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LuAnn clicked open her Prius and got behind the wheel. And then the tears came, pouring down her cheeks. Her nose stopped up and she reached for some Kleenex in her console.
She crossed her arms over the steering wheel and lowered her head onto them. Five thousand dollars down the drain, counting the Prius. Though the Prius would have died anyway. It wasn’t fair to count that. But the worst part was—she was no closer to advancing her photography skills than before.
Walmart was calling her.
Lifting her head, she swabbed at her eyes with the wadded Kleenex and blew her nose. And then she saw him, straddling his huge, black and silver Harley, under the one streetlight in downtown Pharr. Looking like the embodiment of a bad boy biker … and hot as hell.
What on earth was he doing here?
She hit the button to roll down her car window and leaned out. “Joaquin?”
“Yep, I’m here,” he called back.
He threw his leg over his monster motorcycle and fixed the kickstand or whatever contraption held it up. He sauntered over and gazed at her.
She knew she was a mess—red-rimmed eyes and matted, messed-up mascara.
“Are you okay? Is your car okay?” he asked.
“Yes, yes, I’m fine.” She dabbed at her eyes and levered her lips, barely lifting the corners. “And the car is fine.”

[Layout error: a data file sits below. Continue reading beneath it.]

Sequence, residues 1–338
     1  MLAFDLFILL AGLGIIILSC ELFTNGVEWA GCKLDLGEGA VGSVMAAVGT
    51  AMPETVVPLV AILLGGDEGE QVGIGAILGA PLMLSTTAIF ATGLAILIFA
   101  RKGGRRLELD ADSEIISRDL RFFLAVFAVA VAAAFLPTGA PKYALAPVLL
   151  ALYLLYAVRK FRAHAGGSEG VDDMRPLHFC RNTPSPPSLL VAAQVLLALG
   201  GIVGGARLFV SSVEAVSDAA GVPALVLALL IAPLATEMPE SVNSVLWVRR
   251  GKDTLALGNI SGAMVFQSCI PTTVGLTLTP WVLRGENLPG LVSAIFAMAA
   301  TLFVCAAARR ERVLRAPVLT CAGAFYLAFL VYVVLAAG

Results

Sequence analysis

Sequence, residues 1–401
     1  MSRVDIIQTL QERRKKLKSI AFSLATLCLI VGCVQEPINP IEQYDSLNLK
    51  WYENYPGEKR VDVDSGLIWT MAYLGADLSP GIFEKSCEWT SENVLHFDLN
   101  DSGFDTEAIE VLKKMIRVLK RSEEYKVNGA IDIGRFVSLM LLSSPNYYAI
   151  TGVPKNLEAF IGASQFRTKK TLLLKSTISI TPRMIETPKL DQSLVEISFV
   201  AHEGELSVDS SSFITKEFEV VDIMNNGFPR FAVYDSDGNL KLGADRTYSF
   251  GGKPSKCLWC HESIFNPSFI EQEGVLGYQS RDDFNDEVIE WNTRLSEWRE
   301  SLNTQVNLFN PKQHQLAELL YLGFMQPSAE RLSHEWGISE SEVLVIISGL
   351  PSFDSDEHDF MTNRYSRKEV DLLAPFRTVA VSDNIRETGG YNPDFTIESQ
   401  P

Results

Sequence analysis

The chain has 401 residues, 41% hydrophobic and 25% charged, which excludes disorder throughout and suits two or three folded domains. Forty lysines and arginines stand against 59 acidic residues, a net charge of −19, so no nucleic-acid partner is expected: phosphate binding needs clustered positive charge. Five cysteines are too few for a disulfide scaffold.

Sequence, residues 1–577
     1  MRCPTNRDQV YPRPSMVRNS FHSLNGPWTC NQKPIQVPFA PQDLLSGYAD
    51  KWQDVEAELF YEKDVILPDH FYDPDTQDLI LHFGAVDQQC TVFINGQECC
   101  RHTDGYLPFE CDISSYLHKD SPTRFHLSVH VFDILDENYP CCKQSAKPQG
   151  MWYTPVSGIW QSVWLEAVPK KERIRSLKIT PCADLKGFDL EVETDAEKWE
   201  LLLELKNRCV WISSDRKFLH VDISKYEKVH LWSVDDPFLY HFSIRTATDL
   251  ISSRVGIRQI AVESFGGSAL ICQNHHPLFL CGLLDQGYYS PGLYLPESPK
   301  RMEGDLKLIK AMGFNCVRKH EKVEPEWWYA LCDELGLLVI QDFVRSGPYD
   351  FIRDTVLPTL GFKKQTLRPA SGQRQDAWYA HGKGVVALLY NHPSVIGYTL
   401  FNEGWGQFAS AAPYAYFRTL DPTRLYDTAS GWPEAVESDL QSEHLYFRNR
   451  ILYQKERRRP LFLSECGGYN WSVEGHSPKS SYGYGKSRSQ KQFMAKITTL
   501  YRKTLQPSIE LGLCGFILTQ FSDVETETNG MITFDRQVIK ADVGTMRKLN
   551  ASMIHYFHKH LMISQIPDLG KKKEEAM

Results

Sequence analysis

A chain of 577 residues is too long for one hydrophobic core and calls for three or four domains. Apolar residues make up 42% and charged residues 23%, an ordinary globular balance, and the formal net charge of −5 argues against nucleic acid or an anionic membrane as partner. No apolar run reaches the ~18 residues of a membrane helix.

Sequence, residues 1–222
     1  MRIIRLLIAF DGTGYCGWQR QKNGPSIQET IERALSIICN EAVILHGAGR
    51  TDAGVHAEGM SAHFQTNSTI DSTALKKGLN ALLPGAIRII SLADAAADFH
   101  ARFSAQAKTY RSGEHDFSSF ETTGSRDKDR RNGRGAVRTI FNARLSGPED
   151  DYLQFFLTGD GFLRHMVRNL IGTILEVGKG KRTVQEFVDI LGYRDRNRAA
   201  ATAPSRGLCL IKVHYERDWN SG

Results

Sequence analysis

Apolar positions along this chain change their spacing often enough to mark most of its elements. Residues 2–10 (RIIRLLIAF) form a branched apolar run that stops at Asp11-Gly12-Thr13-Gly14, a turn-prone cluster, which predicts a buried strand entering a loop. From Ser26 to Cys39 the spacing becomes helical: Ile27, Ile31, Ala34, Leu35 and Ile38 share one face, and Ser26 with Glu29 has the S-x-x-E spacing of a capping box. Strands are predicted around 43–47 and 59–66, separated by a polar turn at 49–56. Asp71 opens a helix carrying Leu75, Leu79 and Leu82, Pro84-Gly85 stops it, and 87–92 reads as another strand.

He nodded. “I was out of town on business and just got back. Cat told me about you getting stranded, coming to class. But the car is fixed now?”
“Yes, new battery.” She patted the dashboard. “Good as new.”
He let loose a low whistle. “Hybrid engine battery?”
“No wonder you were stranded … and pricey, too.”
“You could say that.”
He reached inside the car, and wiped away her tears with his thumb. But he didn’t say anything. Didn’t ask dumb questions.
“Okay, then you’re good to go. Right? I’ll follow behind, to make sure.”
“Joaquin.” She caught his hand. “Why did you come?”
“To check on you and know that you get home okay.” He bent down, bringing his face on a level with hers. “What else are old friends for?”
He pulled his hand free and straightened. “Come on, let’s get back to Padre. I kept the rest of that pinot noir for you. You can finish it when we get back.”
“But it’s late and—”
“Hey, last time, you were complaining it was too early in the morning. What time is a good time? Besides, you don’t want the bottle to go to waste. I’m not much of a wine drinker myself.” His gaze caught hers and snagged. “You should always finish what you start. Don’t you think?”
She gazed back at him, understanding what he was really saying, and it had nothing to do with finishing a bottle of wine. The question was whether she was ready to finish the night in his bedroom … in his arms?
Maybe … but maybe not. Depended on how dark he kept his room.